If you want to know why it is difficult for a coming together of Canada’s financially struggling startup cellular carriers, the latest figures from Wind Mobile may be part of the answer.
Wind had another quarter of what financial analyst Dvai Ghose of Canaccord Genuity calls “weaker than expected subscriber additions,” according to figures released today.
The numbers, in the second quarter financial results of Wind’s main financial backer Orascom Telecom Holdings, and its parent, Amsterdam-based international carrier VimpelCom Ltd., said that in the three months ending June 30 the Canadian division added 18,732 new subscribers. Canaccord thought it would add 25,000.
To put things in perspective, Ghose said, Rogers Wireless added 42,000 net new customers in its last quarter.
Telus Corp. and BCE Inc.’s Bell Canada report their latest quarterly financials Thursday. Ghose has made some estimates on what they will announce and, if accurate, would mean Wind has accounted for only nine per cent of net new subscribers added by all carriers in the quarter.
VimpelCom wants to realize some return on its investment in Wind, which could be close to $1 billion. Reports are Verizon has offered around $700 million.
Some industry analysts have always said there are too many cellular carriers in the country and predicted that Wind, Mobilicity and Public Mobile all couldn’t survive. There have been reports of merger talks that failed in part because financial backers couldn’t agree on valuations.
It is rumoured that Verizon and Birch Hill would buy and merge Wind and Mobilicity if the price is right.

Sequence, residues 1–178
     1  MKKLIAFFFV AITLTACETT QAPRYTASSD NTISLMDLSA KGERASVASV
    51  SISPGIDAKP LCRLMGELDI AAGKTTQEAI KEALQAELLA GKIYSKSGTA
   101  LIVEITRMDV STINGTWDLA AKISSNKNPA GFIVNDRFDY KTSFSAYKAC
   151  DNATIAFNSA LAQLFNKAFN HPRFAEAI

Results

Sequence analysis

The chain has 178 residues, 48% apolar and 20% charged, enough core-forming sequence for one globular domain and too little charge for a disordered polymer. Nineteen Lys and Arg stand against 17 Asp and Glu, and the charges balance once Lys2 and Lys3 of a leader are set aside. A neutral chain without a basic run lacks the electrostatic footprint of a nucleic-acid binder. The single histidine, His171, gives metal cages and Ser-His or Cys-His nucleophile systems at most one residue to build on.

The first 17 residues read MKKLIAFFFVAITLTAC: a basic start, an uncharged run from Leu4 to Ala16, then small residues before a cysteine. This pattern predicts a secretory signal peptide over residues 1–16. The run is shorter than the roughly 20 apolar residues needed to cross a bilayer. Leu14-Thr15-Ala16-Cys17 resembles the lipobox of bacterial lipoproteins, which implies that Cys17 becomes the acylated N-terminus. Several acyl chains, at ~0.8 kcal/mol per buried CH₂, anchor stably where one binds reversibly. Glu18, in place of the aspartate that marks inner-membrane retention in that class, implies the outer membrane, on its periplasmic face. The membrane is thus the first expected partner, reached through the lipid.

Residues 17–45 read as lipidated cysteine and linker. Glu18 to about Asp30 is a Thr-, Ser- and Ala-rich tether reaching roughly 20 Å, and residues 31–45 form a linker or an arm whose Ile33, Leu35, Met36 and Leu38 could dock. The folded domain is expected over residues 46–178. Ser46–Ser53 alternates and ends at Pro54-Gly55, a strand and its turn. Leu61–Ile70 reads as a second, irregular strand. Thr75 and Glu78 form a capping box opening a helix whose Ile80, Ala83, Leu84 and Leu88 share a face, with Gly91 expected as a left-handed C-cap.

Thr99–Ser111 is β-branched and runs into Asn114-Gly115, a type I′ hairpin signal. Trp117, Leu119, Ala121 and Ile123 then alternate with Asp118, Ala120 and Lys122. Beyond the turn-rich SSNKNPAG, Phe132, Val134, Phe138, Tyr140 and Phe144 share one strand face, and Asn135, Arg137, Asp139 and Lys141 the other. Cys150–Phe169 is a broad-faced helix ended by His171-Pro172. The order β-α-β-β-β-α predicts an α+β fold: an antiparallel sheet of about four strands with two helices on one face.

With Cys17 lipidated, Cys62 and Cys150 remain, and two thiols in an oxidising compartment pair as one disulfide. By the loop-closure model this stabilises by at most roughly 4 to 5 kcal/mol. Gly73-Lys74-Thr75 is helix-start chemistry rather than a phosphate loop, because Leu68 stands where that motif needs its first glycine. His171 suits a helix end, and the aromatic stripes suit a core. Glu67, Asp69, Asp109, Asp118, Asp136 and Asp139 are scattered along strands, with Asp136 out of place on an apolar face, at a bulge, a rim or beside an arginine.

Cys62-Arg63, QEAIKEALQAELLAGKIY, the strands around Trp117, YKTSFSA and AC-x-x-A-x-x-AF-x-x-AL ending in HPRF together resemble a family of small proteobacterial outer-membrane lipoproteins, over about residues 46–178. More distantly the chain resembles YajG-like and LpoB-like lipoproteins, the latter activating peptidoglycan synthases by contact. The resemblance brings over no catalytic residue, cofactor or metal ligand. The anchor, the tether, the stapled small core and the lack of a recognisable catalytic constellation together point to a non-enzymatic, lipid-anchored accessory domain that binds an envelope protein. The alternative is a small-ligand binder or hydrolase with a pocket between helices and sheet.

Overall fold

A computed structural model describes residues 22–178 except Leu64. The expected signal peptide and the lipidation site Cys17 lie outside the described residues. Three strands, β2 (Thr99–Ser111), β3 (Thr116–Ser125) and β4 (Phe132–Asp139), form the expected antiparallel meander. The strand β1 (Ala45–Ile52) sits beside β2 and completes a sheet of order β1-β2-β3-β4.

“Looks like Wind is in a holding pattern ahead of a sale,” Ghose wrote in a note to investors. “Verizon may have a lot of work to do to fix Wind, but we assume that Verizon would only really buy Wind for its spectrum, and if it does not face competition from the incumbents.
Ghose, however, believes the numbers won’t influence Verizon. “While Wind’s modest results may leave some to wonder why Verizon would want to acquire the asset, we assume that Verizon would really only buy Wind for its AWS spectrum, at a valuation well below invested capital, and without competition from the incumbents” – a reference to Industry Canada’s policy refusing to allow new entrants to sell their spectrum to an incumbent carrier.
As a result, Ghose writes, “we do not believe that Wind’s Q2/13 results will have much bearing on Verizon’s decisions. However, he added, Wind’s poor network coverage in major Canadian cities, weak subscriber growth; “modest ARPU” of just over $28 (average revenue per user), “subscale and declining distribution” and choice of China’s Huawei Technologies as a core network switch supplier leads him to believe that Verizon has a lot a work to do before it can rebrand the company as Verizon Canada.
“As a result, we would not expect Verizon to have any real impact on Canadian wireless incumbents until 2015.”
The U.S. could have problems with Verizon buying Wind if Huawei equipment remains in its network. Last year the U.S. Congress issued a report asking telecom operators there not to buy its gear over possible ties to the Chinese government. According to one news report, the Obama administration convinced Sprint not to sign an already negotiated contract with Huawei for network gear.
Earlier this year Orascom/VimpleCom said they wanted to buy Lacavera out and take complete control of Wind, subject to approval by Industry Canada. That would be allowed under new rules passed by the Harper government last year letting foreign companies own carriers with less than 10 per cent of the market.
However, in June VimpelCom [NYSE: VIP] abandoned the move. In his note to investors Ghose said he assumes Industry Canada has told VimpelCom it won’t approve change of control before a possible sale of the company.